My God My God Why

My God My God Why: Homage to the History of Painting
John Badcock


Premonition of a Crucifixion
Margaret Hudson-Ware


Sue Spigel


Sister Sandra, Christchurch Cathedral I

Sister Sandra, Christchurch Cathedral II
Bridgit Anderson


Wood and light, fragments of a cross 2009
Stefan Roberts


Behold the Man
Sam Harrison


Sincerely L. Cohen
Dick Frizzell


Bye Bill You can't take them with you
Earl Tutty


Cowshed Christmas
Gavin Bishop


image gallery

The Cross 

A group exhibition of 23 artists: John Badcock, Shaun Waugh, Dick Frizzell, Llew Summers, Don Binney, Gavin Bishop, Galina Kim, Sue Spiegel, Dorothy Helyer, Margaret Hudson-Ware, Michael Ebel, Sam Harrison, Tony de Lautour, Philip Trusttum, Bridgit Anderson, Stefan Roberts, Laura Griffiths, Joanna Osborne, Earl Tutty, Sam Mahon, Ben Reid, Hamish Wright, Ian Scott.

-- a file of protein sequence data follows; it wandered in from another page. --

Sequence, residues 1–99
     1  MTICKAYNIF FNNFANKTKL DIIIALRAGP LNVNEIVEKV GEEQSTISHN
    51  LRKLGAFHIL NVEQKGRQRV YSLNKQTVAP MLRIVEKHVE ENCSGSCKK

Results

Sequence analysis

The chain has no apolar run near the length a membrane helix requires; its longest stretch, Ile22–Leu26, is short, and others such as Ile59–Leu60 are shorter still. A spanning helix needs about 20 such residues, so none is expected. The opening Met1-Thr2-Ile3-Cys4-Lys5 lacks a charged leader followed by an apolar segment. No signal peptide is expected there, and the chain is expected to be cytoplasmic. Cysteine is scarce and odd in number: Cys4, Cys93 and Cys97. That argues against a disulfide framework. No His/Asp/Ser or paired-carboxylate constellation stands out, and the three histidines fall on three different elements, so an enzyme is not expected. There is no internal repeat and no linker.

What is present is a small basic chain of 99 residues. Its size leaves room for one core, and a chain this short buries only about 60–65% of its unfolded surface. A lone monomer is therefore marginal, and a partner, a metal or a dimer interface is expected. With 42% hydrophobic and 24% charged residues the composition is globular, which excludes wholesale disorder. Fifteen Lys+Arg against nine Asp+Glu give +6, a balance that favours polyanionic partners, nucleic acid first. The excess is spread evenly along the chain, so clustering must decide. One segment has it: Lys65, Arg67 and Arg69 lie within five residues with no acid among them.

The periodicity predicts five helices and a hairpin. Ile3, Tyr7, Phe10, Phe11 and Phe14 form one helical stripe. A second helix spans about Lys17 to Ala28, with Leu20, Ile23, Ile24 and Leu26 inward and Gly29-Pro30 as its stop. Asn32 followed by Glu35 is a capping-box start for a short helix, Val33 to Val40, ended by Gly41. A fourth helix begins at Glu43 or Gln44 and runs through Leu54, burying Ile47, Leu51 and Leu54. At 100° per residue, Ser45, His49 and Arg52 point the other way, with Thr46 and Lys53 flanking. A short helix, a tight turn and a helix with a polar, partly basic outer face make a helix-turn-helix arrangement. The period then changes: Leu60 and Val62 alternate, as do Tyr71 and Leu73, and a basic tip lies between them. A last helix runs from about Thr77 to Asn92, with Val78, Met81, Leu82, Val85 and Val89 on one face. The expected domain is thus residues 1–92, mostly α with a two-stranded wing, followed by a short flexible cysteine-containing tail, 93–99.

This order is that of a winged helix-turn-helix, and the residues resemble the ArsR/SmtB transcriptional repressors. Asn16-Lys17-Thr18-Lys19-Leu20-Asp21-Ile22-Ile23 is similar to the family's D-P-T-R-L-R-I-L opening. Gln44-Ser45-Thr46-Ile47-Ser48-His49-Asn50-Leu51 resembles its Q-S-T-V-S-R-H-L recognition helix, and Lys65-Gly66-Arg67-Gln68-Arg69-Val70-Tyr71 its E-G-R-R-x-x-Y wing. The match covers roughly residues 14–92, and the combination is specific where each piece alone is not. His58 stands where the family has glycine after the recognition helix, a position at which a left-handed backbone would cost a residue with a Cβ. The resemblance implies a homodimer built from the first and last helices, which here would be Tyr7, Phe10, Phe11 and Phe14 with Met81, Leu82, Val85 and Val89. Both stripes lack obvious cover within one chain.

ChristChurch Cathedral 29 September – 8 October 2009
CoCA Gallery, Christchurch 14 - 30 October 2009


Across the Pacific, Californian authorities literally boxed a long-time veterans’ memorial cross atop
a hill in the Mojave National Preserve least it cause ‘offence’. In stark contrast, two members of the Christchurch cultural precinct curated an exhibition
of two dozen artists showcasing the very emblem hidden in American plywood.

Director of the Centre of Contemporary Art (CoCA) Dr Warren Feeney is correct in The Cross catalogue, 'As a symbol ... traced through history and cultures over the past 4000 years with associations that are both sacred and secular, it remains a powerful and complex religious emblem’.

This creative collaboration between ChristChurch Cathedral and CoCA follows their successful collaborative slate tile exhibition in 2007 in which artists created works on de-commissioned cathedral slate roof tiles. The Cross initiative of viewer commentaries added a literary and interactive component, very welcome with such an engaging and polarising subject. The cathedral’s resident theologian Rev Lynda Patterson warned, ‘the artworks...will stir your imagination, and poke your intuition with a stick’.